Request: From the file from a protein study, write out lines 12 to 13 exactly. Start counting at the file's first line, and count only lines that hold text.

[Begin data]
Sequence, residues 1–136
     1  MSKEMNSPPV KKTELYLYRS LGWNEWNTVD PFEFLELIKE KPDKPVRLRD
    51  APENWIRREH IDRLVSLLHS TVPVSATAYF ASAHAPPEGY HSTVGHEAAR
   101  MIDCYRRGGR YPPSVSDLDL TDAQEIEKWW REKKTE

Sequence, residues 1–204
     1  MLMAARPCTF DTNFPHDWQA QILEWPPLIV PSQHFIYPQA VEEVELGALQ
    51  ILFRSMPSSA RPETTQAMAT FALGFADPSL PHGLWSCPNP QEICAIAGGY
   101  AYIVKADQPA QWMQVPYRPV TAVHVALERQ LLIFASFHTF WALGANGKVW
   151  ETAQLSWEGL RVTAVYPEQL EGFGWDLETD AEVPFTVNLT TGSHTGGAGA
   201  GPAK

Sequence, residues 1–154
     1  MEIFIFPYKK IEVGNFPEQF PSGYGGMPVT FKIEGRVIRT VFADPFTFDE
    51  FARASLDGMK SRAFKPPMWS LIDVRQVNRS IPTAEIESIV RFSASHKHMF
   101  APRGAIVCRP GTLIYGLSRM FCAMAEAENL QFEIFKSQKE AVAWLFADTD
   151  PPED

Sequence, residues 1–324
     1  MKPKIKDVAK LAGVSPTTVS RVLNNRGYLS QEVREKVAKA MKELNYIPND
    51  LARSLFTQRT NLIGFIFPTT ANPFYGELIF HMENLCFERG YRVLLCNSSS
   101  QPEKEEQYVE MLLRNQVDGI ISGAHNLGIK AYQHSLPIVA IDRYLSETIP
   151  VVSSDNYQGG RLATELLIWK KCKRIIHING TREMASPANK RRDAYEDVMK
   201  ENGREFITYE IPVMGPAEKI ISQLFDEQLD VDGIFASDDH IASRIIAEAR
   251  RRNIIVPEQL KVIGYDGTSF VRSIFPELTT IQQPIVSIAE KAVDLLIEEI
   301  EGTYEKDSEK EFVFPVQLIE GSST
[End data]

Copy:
     1  MEIFIFPYKK IEVGNFPEQF PSGYGGMPVT FKIEGRVIRT VFADPFTFDE
    51  FARASLDGMK SRAFKPPMWS LIDVRQVNRS IPTAEIESIV RFSASHKHMF